Measured at the U-verse gateway, AT&T's HD streams for video are approx. 5.7 Mbps. This makes sense as on the 32/5 U-verse profile (this is the one assigned to you on AT&T's fastest Internet speed offering, 24/3 Mbps) - one's Internet connection speed drops to 20 Mbps when viewing two HD channels at once - 14 Mbps when viewing 3 HD channels - and just 8 Mbps when viewing four HD channels. So yes, Internet speed loss on U-verse when viewing 2 or more HD channels definitely correlates with the 6 Mbps of bandwidth per HD channel as well.
I had U-Who and DirecTV side by side.
Since I'm so close to the VRAD, by profile is 32.2/5.04, yet my modem reports the max downstream rate is 64 Mb/s. Whether U-Who will use this overhead to feed TV, I don't know. My internet is 12 Mb/s.
I setup 3 HD recording and had a forth HD channel live on my other receiver. While these were going on, I tested my download rate by finding large files to download. I saw no speed reduction in downloading.
The point of the comparison was to illustrate how bad AT&T U-verse looks at that bitrate - that a recording from Verizon FiOS of the same channel uploaded to YouTube still looks better than AT&T even after YouTube molests it. It's that bad.
FiOS is MPEG-2 correct? You can't compare bit-rates between MPEG-2 & MPEG-4, as it's apples and oranges.
You can compare PQ, but it's subjective and effected by the scaling in the display. My Sony XBR can make a fairly crappy SD program look "fairly good".
When I tried U-Who, I figured the PQ would suck so bad it would be the biggest complaint. Well it wasn't to my surprise. I did see skipping/dropping of frames, so it does have limitations.
As for whether or not DirecTV looks any worse with the 25% bitrate drop, I'd take opinions without some screenshots to back it up with a grain of salt.
Where are you getting this?
The average bit rate reduction from MPEG-2 to MPEG-4 is close to half.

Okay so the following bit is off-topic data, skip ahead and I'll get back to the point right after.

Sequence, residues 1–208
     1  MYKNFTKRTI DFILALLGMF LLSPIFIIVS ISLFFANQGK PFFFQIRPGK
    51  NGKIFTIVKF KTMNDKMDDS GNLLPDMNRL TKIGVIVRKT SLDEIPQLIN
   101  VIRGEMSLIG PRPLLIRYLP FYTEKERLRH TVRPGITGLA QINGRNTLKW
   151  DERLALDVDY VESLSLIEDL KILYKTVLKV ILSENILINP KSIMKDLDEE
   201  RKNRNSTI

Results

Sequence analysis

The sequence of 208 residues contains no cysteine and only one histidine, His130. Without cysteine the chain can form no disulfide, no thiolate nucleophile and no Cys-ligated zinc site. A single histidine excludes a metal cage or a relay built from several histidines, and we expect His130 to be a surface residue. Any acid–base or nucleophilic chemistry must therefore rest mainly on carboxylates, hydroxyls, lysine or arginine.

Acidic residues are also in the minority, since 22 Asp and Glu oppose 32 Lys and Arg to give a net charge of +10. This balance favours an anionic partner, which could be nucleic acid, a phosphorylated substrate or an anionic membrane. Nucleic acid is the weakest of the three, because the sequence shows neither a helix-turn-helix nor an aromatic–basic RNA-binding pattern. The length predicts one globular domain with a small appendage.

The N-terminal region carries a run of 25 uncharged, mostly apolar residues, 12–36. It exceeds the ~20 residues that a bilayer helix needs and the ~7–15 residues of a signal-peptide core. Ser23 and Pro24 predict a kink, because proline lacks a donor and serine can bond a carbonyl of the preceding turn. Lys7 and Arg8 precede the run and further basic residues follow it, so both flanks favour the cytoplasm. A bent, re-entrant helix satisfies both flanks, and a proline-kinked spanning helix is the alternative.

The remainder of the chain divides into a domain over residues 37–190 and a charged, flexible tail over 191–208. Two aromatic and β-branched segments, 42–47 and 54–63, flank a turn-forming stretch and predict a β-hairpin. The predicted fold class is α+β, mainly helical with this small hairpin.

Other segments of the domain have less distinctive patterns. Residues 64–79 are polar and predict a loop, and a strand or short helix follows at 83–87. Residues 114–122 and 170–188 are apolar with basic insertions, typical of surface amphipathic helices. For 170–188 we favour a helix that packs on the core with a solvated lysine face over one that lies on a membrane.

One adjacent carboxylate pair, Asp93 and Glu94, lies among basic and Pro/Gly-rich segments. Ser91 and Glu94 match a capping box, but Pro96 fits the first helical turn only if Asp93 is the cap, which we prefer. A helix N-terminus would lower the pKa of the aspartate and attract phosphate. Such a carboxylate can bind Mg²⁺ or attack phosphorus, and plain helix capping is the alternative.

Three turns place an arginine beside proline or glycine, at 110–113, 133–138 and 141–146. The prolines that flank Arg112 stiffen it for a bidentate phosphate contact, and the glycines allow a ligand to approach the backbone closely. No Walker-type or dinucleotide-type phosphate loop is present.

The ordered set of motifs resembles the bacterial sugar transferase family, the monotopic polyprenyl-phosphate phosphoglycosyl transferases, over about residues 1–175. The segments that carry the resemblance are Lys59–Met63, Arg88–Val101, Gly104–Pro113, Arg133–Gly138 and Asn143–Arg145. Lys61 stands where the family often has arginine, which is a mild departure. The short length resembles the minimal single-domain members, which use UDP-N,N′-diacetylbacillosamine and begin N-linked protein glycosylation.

MPEG-2 is fairly constant as it sends every bit needed for every frame. MPEG-4 only send the bits for what changes in the next frame. This means bit rates vary much more with MPEG-4, where they can be as low a only a couple of Mb/s, and then peak at 16+ Mb/s with DirecTV, as the frame content changes.
UV Realtime allows monitoring of the router ports.
I setup the same recorded show from U-Who and DirecTV, and sync'd them within a sec of each other. I then monitored my router port usage over about 10 mins to compare MPEG-4 to MPEG-4. U-Who's bit-rates were 66% of DirecTV's, with the main difference being around an 8 Mb/s limit on U-Who, where DirecTV was averaging 12 Mb/s. When DirecTV was below 8 Mb/s, U-Who's rate was much closer.
Really the only way to know scientifically is for a thorough identical frame screenshot comparison to be done like the AT&T vs. YouTube comparison above: screenshots need to be taken of a program before it gets dropped down to 6 Mbps and then a repeat of the program after the channel is dropped down.
That may be what you need to do, but the act of taking a screen shot has a variable that we don't know.
Actual bit rates, monitored over time, of the same program, and the same type of encoding, seems more useful to me, which I've done.
DirecTV PQ: I've also done comparison between OTA MPEG-2 and the DirecTV MPEG-4 of the same program. There is a slight difference, but it's so small that it might fall under "I want to think" there is a difference and so I think there is. It's that close.
Edited by veryoldschool, 04 July 2012 - 09:30 AM.